It does appear, though, that the ultimate and overall goal right now is to keep people status quo to prevent major shifts in the real estate market so that once an economic rebound occurs, the market can continue to grow and thrive.

How does this affect tenants?

There are provisions for tenants who land on hard times and only able to pay partial rent, such as waived late fees and postponement of evictions, which were authorized by government officials.  Additionally, many homeowners are willing to assist tenants during this time.  However, rent forgiveness is not obligatory.  Assistance may come in the form of rent postponement.  This means that eventually the postponed rent will still be due.  Thus, if a tenant can afford rent because their job has not been affected or has the means to pay rent, it would be in the tenants best interest to continue making their rent payment.  Many homeowners have mortgages on their rental properties and so, a lack of rent means that they may have to resort to other means for payment or qualify for assistance from their mortgage company.  Additionally, many homeowners may have also lost their jobs.

Ultimately, predicting what exactly will happen is dependent on many factors. Unfortunately, at this time, it is hard to say with any certainty what will happen.  We hope that this situation will be temporary and everyone can find financial stability sooner than later and we can get back to having a thriving real estate market.

In view of very recent developments nationally and internationally with COVID-19, it is safe to say that the world has turned upside down. Panic buying, social distancing and coronavirus have become everyday words. Beyond that, many businesses and government offices are closed for business. Talk of a recessive economy are gaining momentum.

As a result, the Fed has cut their interest rate even further in order to build confidence in society and as a result keep banks lending. However, the interest rate for home loans has actually ticked upward. In fact, just this month alone, interest rates went from an average of about 3.30% to nearly 3.75% (on a 30 year fixed loan). Many people are interested in a refinance or even purchase of a home because of how low interest rates are. So, why did rates go up?

Well, mortgage rates don’t necessarily follow the Feds interest rate always. They will adjust to a certain extent, however, they typically follow 10-year bond yields, such as the treasury note. The 10-year treasury note actually went up this month. This was due to the fact that a major stimulus package was approved in view of COVID-19, adding to the national debt and affecting the yield market.

However, rates will continue to fluctuate. Many people are applying for refinances right now or new loans and so banks and mortgage companies are back logged, affecting mortgage rates. The fed and other government agencies will most likely continue to implement new measures to help the economy, which will have an effect on this also.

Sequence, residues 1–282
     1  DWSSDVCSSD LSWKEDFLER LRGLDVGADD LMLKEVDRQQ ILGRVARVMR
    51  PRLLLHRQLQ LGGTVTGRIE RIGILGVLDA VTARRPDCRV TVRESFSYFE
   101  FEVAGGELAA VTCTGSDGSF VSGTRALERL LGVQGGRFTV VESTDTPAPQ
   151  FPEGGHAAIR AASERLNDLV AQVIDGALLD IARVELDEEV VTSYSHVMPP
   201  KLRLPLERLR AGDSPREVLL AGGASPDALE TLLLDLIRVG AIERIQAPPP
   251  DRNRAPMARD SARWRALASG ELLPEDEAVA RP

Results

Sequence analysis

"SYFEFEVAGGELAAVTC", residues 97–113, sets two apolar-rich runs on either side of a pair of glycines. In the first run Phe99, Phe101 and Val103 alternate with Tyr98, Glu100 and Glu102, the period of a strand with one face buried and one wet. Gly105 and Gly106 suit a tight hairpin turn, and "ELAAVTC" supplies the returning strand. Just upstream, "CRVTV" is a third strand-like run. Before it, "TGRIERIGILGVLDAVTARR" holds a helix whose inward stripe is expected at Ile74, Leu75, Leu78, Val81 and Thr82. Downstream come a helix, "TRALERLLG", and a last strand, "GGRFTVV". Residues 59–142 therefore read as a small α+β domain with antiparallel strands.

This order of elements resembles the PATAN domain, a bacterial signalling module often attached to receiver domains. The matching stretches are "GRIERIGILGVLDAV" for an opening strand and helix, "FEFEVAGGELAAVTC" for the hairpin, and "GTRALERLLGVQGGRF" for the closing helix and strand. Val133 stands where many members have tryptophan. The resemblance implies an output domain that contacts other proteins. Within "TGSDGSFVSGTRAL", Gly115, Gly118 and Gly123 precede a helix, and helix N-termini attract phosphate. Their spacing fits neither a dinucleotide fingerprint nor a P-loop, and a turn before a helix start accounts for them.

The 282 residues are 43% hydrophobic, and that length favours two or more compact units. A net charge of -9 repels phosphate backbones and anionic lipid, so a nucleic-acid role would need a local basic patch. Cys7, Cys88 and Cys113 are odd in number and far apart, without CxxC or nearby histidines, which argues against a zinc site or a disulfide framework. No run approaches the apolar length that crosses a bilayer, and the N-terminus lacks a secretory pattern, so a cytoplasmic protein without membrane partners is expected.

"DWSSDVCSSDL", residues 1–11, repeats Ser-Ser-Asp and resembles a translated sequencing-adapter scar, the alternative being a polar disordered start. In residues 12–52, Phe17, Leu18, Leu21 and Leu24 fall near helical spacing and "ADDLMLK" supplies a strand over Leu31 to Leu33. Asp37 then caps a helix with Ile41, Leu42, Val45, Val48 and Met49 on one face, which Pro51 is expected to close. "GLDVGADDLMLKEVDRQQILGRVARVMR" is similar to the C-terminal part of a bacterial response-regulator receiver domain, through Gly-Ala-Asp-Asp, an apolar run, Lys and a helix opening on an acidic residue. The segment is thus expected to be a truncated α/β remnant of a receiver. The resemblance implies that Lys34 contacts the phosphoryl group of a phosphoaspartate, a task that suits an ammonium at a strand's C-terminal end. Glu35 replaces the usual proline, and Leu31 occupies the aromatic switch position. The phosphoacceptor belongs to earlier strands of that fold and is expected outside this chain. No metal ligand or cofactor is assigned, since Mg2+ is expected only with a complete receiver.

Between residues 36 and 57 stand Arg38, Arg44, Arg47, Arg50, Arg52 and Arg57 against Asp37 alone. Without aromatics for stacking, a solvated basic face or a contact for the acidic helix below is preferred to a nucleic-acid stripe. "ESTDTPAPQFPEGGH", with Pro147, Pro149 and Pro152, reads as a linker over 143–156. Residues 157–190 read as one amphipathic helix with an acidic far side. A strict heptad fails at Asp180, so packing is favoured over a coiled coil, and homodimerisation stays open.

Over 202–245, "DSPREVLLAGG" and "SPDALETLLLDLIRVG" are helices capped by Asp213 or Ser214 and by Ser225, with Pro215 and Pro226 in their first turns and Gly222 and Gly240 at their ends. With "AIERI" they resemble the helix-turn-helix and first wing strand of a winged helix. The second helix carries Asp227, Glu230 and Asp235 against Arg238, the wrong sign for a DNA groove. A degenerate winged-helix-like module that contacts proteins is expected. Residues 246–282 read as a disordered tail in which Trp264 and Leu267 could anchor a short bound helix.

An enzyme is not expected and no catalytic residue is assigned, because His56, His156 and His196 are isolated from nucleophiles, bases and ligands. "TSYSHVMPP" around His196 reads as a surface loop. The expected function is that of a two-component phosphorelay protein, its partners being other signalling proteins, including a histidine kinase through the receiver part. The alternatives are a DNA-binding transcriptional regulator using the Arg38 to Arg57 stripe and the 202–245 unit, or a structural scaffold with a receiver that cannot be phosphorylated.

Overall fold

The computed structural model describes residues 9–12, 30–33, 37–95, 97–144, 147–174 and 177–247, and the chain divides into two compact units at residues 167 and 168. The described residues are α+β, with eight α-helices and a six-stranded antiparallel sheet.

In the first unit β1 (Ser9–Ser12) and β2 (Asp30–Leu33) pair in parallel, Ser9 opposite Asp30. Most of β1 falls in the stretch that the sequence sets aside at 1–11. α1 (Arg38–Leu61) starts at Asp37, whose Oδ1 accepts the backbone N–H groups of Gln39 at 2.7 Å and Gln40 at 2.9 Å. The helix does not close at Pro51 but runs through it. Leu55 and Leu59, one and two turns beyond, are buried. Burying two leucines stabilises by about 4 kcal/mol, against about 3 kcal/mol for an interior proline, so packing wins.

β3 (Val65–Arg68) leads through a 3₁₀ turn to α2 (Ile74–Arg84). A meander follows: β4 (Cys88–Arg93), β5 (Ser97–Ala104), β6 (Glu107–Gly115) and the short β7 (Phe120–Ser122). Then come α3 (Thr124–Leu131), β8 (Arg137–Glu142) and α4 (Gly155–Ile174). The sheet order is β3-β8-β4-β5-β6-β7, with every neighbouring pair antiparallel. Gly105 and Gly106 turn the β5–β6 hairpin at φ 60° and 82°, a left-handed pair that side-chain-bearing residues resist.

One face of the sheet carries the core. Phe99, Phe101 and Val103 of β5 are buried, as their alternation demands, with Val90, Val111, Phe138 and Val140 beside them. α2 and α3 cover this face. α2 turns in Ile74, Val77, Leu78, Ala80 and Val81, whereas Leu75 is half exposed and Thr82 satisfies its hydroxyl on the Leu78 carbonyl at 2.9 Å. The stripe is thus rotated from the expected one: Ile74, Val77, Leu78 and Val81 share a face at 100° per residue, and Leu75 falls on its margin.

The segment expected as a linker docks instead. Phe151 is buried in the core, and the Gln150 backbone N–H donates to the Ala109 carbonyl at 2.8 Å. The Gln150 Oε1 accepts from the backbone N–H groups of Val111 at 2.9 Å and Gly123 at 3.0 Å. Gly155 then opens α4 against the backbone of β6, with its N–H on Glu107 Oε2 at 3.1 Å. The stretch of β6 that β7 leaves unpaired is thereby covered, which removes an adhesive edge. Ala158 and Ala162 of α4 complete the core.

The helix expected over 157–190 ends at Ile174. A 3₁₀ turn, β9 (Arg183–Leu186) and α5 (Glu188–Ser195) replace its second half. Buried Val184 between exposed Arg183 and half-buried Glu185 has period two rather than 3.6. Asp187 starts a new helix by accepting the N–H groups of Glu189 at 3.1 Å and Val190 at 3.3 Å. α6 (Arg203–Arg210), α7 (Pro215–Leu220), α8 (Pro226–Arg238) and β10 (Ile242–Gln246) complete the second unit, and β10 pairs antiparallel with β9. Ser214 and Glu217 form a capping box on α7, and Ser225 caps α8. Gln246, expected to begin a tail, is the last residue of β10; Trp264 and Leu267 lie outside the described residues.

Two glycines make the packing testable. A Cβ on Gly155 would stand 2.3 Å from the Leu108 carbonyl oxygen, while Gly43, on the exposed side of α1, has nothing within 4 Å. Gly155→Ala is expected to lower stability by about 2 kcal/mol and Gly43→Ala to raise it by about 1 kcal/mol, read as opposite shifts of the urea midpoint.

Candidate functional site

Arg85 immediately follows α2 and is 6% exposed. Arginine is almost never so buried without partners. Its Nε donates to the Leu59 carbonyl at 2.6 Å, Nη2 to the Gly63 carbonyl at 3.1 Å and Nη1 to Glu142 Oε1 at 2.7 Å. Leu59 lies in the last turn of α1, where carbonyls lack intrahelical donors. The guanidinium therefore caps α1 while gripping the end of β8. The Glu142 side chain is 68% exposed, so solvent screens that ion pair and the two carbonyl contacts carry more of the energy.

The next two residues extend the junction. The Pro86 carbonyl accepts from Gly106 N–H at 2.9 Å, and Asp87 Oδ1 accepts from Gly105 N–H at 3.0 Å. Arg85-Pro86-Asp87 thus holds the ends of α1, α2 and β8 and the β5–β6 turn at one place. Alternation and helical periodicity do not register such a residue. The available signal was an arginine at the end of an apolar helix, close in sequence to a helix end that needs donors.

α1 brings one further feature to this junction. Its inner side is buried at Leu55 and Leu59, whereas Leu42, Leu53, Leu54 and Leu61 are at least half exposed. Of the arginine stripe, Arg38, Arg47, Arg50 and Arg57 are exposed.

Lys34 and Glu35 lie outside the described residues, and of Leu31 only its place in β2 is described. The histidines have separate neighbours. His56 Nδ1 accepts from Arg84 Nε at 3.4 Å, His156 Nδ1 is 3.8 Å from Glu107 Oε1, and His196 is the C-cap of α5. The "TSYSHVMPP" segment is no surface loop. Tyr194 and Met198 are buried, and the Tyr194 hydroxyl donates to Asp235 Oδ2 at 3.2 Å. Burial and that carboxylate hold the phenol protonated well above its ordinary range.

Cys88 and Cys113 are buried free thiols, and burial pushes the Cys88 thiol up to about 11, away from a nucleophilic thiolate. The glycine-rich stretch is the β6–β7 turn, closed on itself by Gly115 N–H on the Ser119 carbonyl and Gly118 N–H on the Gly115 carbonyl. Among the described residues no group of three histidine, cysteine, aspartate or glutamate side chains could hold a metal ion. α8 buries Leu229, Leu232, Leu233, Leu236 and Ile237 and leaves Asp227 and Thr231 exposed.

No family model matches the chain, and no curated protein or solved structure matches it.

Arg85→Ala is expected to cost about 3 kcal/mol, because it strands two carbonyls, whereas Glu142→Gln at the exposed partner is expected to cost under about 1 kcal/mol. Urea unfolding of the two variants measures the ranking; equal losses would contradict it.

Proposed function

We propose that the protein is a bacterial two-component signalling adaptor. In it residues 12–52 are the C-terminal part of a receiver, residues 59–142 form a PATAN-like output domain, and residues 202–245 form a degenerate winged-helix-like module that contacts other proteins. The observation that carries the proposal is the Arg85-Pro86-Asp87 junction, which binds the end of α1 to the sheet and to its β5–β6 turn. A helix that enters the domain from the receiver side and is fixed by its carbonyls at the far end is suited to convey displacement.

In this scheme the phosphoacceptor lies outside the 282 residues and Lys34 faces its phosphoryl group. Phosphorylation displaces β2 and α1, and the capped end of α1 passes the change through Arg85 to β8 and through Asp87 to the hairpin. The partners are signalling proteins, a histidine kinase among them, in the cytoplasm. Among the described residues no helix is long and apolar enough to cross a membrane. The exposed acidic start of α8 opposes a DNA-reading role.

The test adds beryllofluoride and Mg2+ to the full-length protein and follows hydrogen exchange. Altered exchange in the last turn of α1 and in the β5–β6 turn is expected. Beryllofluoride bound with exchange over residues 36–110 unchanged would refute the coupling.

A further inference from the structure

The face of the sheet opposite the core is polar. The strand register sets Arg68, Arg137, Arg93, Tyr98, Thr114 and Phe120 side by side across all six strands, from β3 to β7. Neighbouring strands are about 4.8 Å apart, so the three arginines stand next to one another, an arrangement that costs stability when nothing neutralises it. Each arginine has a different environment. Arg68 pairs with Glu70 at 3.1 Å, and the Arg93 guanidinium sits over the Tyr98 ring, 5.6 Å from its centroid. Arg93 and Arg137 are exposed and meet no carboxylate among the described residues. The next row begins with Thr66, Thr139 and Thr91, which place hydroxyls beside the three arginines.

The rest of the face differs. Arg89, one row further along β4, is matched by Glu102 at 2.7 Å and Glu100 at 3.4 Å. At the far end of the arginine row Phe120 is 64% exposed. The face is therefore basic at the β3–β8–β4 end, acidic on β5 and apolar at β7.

While interest rates are still historically low, we can expect continued change due to market volatility. The quicker we see stability, the better the economy. The better the economy, the more confidence the consumer will have.

Contributed by Nicklin Property Management.

With some uncertainty about how 2020 would turn out for the Las Vegas valley housing market, it seems more likely that the market should remain stable, with modest appreciation.
As a matter of fact, according to the Las Vegas Realtors Association, the median sales price of a Las Vegas valley home reached $316,000 last month. This surpassed the previous peak of $315,000 reached prior to the recession over a decade ago!

This is an increase from just over 3 months ago, in December 2019, when the average sales price of a home was just under $313,000 (according to GLVAR).

Of course, inventory is still tight for those looking to buy a property. However, with the fed further reducing mortgage rates recently, buyers are anxious to purchase a property as this affords them an opportunity to have more buying power even though prices have increased. Some are looking into condos and town homes, since those are priced below single family homes and with a lower interest rate, a very reasonable monthly payment.

Investors have also been taking advantage of the lower interest rate for their investment purchase. Rental rates are up, appreciating and the time on the market is low – most properties leasing in under 30 days. For many investors who purchased years earlier, the current market is what they have been hoping and waiting for. And of course, many are hoping for continued appreciation and in the future, more equity.

Northwest Las Vegas has become a popular area to live in over the last 30 years, with tremendous growth over the last 20. What makes it unique? A few reasons.

Northwest Las Vegas is the one of the closest areas to Mount Charleston and Lee Canyon, known for its hiking and even skiing among bristle cone pine and aspen trees. The area is unique in how close it is to the desert valley – about a 20 – 30 minute drive from the northwest part of the Las Vegas valley. Many outdoor enthusiasts enjoy the proximity to the mountains and all it has to offer.
Additionally, the Northwest is close to Floyd Lamb State Park, which features vast green spaces and ponds, walking trails and fishing. The northwest in general has many parks and green spaces that many enjoy against the backdrop of the Spring Mountains.

Beyond this, the Northwest has seen much growth. A variety of housing, shopping and dining has taken hold, allowing for the area to grow and prosper. The area has two main hospitals, Mountain View and Centennial Hills. New developments currently in progress, such as Skye Canyon, allow residents to be within a very short distance to the Mount Charleston area, making it an attractive area to settle down. The Northwest is also home to many custom and semi-custom residences, allowing buyers to find a home with a large lot more easily.  New schools have also been developed to accommodate the growth along with new freeway interchanges and lane expansions to accommodate additional residents.

This development along with the natural beauty has become a popular area for many to call home. The drive to the strip and downtown is still reasonable and an available Ride and Share system exists that takes folks from the Northwest to the downtown area.

These amenities, reasonable cost of living and others continue to make the Northwest a desirable place to live!

Contributed by Nicklin Property Management.